An EMP device does not require controlled material. That is the scary part, and why the attack vector is so much larger. This problem is not black-and-white as you make it out to be, nor is the retaliation plan. Creating a nuclear wasteland should not be the automatic go-to answer here in response to an EMP attack. That level of retaliation isn't even equal, and would likely guarantee the end of our civilization instead of leaving the planet and environment intact to rebuild our electronics.

But hey, fuck that, caveman tactics FTW. We "won", that's all that matters.

How many non states do you know that can get a sophisticated, tested, and probably fifth generation or later nuclear weapon in low earth orbit at just the right height over the US while every one of their electronic devices and electronic communications are compromised or intercepted... without being noticed the entire time it's doing it?

Space aliens are the only thing I can think of... Just send a pinterest photo of your cave-painting diagram of how this will happen. We'll wait.

Comment: Re:Surely this is not that hard... (Score 1) 182 182

Even if it doesn't make things worse, the trouble with retaliation, 'second strike', MAD, 'deterrence', etc. is that it relies on attribution of warheads being relatively easy. If the adversary knows that you'll know it was him if he tries anything, your big huge second strike infrastructure is pretty scary. If you can obfuscate attribution(or, worse, successfully pin it on some innocent party) the theory of deterrence becomes effectively useless. EMPs are probably a moderately favorable case, since you need to do a reasonably visible launch to high altitude to get the best effect; but if somebody just puts a nuke in a cargo container that was supposed to contain xboxes and it levels one of the world's larger container ports, who exactly are you going to retaliate against?

Answer: all of them. Specifically, ALL of the nuclear-capable threat-states.

The ones that didn't do it, will really really want to share information about who did.

Subs can second strike anybody anywhere, and wait for a time for it to be an accurately determined enemy as they are basically impossible to kill if they are hiding.

Being able to kill off some or all other states after your state is already dead creates allies, not enemies.

Comment: Re:So sorry... (Score 1) 85 85

The biggest problems with supersonic flight weren't emissions or the sonic boom. It was the financial viability of it, enough people simply aren't willing to pay the extra to make this viable (at least historically).

I am willing to guess, being able to go supersonic over the continental US on a regular basis would be a big deal to the military as well. Better practice and training, as well as assisting in keeping enemies alerted. "Gee, Haji, did you hear that big boom? Think the US is back operating in the area?"

Comment: Re:Translation (Score 1) 51 51

increasing spending on strategic projects from 5 percent to 40 percent

Rarely does this sort of change involve spending more money in absolute terms. Most likely people doing stuff like support were retasked, outsourced, or simply cut.

Most of the stuff in the summary sounds like a good move, but I've seen companies that were fairly short-sighted in making these kinds of moves. At work we've been focusing on "strategic projects" for a long time now in belt-tightening mode and it seems like the biggest result is that every department under the sun has sprouted its own mini IT department that does all the stuff that IT stopped doing, usually less efficiently than it would be done if centralized.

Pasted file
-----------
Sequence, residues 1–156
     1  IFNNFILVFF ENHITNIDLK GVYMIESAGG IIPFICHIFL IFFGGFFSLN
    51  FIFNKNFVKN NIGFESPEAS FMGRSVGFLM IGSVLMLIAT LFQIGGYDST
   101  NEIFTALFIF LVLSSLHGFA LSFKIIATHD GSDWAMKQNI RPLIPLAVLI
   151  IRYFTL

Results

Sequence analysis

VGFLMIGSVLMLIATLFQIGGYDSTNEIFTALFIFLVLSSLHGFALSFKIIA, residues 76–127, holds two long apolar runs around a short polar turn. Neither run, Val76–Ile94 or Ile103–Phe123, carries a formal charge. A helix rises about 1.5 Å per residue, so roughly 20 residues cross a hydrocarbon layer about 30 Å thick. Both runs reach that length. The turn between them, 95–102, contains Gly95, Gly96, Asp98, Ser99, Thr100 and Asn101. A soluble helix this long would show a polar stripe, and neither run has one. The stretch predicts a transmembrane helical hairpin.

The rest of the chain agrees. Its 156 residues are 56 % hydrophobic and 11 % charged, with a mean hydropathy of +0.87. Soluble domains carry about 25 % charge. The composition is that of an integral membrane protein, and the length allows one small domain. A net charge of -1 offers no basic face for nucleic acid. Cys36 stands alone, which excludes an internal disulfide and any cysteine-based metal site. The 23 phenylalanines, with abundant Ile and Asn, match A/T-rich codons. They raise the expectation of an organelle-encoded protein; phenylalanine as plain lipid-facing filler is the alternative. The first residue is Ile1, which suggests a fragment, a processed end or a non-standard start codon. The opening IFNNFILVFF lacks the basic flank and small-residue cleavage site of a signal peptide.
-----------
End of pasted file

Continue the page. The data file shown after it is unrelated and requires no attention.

When IT cuts a service that really was necessary, the result usually involves a net loss of money.

They spent 8 times more and actually started paying attention.

Stuff worked better.

Imagine that.

All this tells me is to stop wasting money giving it to the cancer society as they are prone to wasting it.

Comment: Re:Robots don't need to be as fast as humans (Score 1) 108 108

The way to do this is to separate the skills of the two components (human, robot) into different time-frames where speed doesn't matter where speed can't be achieved.

For example, the robot could be limited to detecting if an item is in a bin or not, and if it's approximately the right size and shape. It knows where the bins are, and if they have one item or not. Each bay would have a big bin of all the items, and a few out front with one of those items each.

Robots pick for orders, fast, and without many errors.

Humans take single items from the large bin, place them in the fast-pick bins and track the item (with a bar code) and the bin (with a bar code).

In the case where the flow changes and an item is ordered a lot, the number of bins can be changed. Also, robot / human meet-ups will be called for by the robots / computer system if it knows there aren't enough items or a lot are ordered. The human meets the robot there and fills bins as the robot picks.

Now the robot system can do what it does best, get the order out the door fast and accurately, without tiring and without needing a break. The human can do what it does best, getting the complex item ready for a simple robot to handle, and it's work is not very sensitive to breaks, holidays, trainees, boredom, etc.

Comment: Re:oajds (Score 4, Insightful) 175 175

What I'd be interested to see is if, and how aggressively, they take action against image collections that are not of any use for their desired purposes. They obviously can't be too capricious and unpredictable, or they'll spook users; but you can't offer 'unlimited' storage without making some provision for 'that guy who hacks together a FUSE filesystem that uses images uploaded to Google Photos as a storage medium' or the 'Cool, this will make my next time-lapse video project way easier' cases.(and, of course, if you are feeling particularly uncreative, /dev/random just needs a dash of formatting information to be as many bitmaps as you could possibly desire.) Are they just going to go with the ISP-style 'I said unlimited; but I actually meant X photos or Y GB of traffic per month; apparently I'm allowed to get away with that, so STFU', are they going to have peons manually examine accounts whose size gets out of hand and decide what to do?

Their track record on removing useful and loved services for little or no reason should spook users well enough without playing games with the content.

Mirrors should reflect a little before throwing back images. -- Jean Cocteau